Don’t Overlook These Summer Pet Risks

Portland summers bring beautiful clear skies, hot outdoor fun and a myriad of ways to enjoy the sunshine with your furry family members. During this time of year, most pet owners are cautious of ticks, heatstroke, and leaving pets in a hot car. But there are a few additional hazards that come with the summer season:

High-Rise Syndrome:

High-rise syndrome commonly refers to the phenomenon of cats and dogs falling from high places. During the hotter summer months, pets are at greater risk of falling from open windows and balconies on upper floors of homes, apartments and skyscrapers.

    • High-rise syndrome prevention tips:
      • Don’t depend on screens to keep pets from falling out of windows.
      • Don’t leave windows open even a crack, as pets can nose them open wider.
      • Move patio furniture away from balcony and patio railings.
      • Supervise pets on balconies or high patios at all times.
      • If possible, install air conditioning so windows can be closed on upper floors.

    If your pet suffers a fall, seek veterinary care immediately. Survival rates are high if your pet is alive and receives the appropriate critical care treatment.

    Corn Cobbs (and Other Foods):

    As you enjoy a summer BBQ, remember that corn cobbs are dangerous for pets if ingested. One of the most common reason animals are brought in to the ER is because they ate something they shouldn't and corn cobbs are dangerous as they can get stuck in the intestines which requires surgery. Many foods (chocolate, grapes, onions, etc.) can be toxic to animals, while corn cobs, chicken/beef/pork bones, etc. can create a blockage and require surgery.

    • Food ingestion prevention tips:
      • Stay informed about possible toxic foods and other items through ASPCA Poison Control.
      • Keep all food out of a pet’s reach while you enjoy a summer BBQ or pinic.
      • Make sure trash bags are tightly secured in case your pet tries to sneak a taste.

    If you believe that your animal is ill or may have ingested a toxic substance, contact your local veterinarian or the ASPCA Animal Poison Control Center at 1-888-426-4435

    Toxic Algae:

    Portland waters tend to see a blue-green algae species (microcystis) that is toxic to both people and pets during summer months. It is visible as a swirling, bright-green slick and can be fatal to dogs within an hour of exposure if ingested or inhaled. As of July 2016, two advisories are in effect for toxic algae growth in southern Oregon. Portland could see toxic algae growth following a heat wave.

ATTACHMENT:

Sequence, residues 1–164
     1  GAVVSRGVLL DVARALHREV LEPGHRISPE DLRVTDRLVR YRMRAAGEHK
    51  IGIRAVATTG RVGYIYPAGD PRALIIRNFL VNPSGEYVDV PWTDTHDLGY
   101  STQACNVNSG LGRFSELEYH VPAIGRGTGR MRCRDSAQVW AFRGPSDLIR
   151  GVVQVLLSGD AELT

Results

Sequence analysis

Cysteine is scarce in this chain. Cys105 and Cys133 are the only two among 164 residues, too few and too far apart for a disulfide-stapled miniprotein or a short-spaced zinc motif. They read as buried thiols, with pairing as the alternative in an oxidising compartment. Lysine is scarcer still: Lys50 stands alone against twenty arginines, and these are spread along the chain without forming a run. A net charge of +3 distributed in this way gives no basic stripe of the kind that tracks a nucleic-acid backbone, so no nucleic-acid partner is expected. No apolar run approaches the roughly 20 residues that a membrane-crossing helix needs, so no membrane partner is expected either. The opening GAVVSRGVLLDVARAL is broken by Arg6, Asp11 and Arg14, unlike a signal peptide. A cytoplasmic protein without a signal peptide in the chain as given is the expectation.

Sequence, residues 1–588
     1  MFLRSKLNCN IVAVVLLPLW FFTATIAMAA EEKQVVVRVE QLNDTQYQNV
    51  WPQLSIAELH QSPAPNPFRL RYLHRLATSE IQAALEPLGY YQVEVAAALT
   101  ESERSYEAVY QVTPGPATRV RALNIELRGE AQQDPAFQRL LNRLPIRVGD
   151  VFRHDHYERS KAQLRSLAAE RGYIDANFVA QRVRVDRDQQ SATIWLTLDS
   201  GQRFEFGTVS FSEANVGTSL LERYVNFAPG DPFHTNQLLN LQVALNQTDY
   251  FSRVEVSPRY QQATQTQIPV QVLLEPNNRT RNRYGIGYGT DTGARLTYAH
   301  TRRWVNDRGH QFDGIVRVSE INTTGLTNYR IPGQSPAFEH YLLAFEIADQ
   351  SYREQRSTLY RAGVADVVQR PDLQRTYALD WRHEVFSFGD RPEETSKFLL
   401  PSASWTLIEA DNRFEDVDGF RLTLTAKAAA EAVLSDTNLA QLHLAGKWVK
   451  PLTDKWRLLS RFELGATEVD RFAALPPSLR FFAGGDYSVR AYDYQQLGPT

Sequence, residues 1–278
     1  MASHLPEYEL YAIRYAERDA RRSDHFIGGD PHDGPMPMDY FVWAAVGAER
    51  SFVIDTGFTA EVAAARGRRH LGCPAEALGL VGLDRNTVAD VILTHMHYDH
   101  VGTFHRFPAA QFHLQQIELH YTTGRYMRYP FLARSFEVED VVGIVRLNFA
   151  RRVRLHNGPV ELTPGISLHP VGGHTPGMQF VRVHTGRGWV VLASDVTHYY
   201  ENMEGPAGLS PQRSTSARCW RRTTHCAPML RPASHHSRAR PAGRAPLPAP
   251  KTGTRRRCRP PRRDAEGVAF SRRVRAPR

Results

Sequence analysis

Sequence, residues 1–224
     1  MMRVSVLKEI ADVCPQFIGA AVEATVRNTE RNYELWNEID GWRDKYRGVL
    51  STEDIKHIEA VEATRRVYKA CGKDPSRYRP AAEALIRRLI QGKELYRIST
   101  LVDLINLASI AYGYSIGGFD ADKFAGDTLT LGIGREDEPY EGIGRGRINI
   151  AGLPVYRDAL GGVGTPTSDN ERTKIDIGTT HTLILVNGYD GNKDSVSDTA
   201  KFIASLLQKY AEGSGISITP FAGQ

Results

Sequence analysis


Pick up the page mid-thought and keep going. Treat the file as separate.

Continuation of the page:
Seek medical attention immediately if you suspect your pet may have been exposed. Symptoms include vomiting, diarrhea, drooling, weakness, staggering, convulsions and pale gums. 
      If your pet exhibits any of these signs, or if you are at all concerned about your pet’s health, please visit DoveLewis or the nearest emergency veterinarian as soon as possible.

      • Toxic algae exposure prevention tips:
        • Stay informed with toxic algae growth alerts through Oregon Health Authority.
        • Avoid exposure to areas that may be affected by toxic algae growth.
        • Don’t let your pet swim in or ingest water in or nearby affected area.

      Salmon Poisoning:

      Dogs can contract Salmon Poisoning Disease by eating raw fish in and around the coastal rivers and streams of the Pacific Northwest. The warmer months tend to increase the likelihood for exposure when dogs and their owners spend more time outdoors. Infection happens by eating raw fish from this region, and symptoms appear four to 10 days after ingestion. Nine percent of dogs who are left untreated die from the disease. However, salmon poisoning is treatable if caught early.
      Symptoms include vomiting, severe diarrhea, lethargy and weakness, swollen lymph nodes, loss of appetite, high fever and dehydration.

        • Salmon poisoning disease prevention tips:
          • Don’t let pets near raw fish, including salmon, trout, lamprey and other fish native to the region, that are found on the shore.
          • Do not feed your dog salmon while you are fishing, boating or at the seafood market, even if they begs.
          • Dispose of raw fish carefully, and keep pets away from trash that may contain raw fish.

        Call your regular veterinarian or DoveLewis immediately at 503-228-7281 if your dog develops symptoms of salmon poisoning. Be sure to tell your veterinarian if you suspect your dog ate raw fish. Cooked fish will not put your dog in danger.

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        DoveLewis

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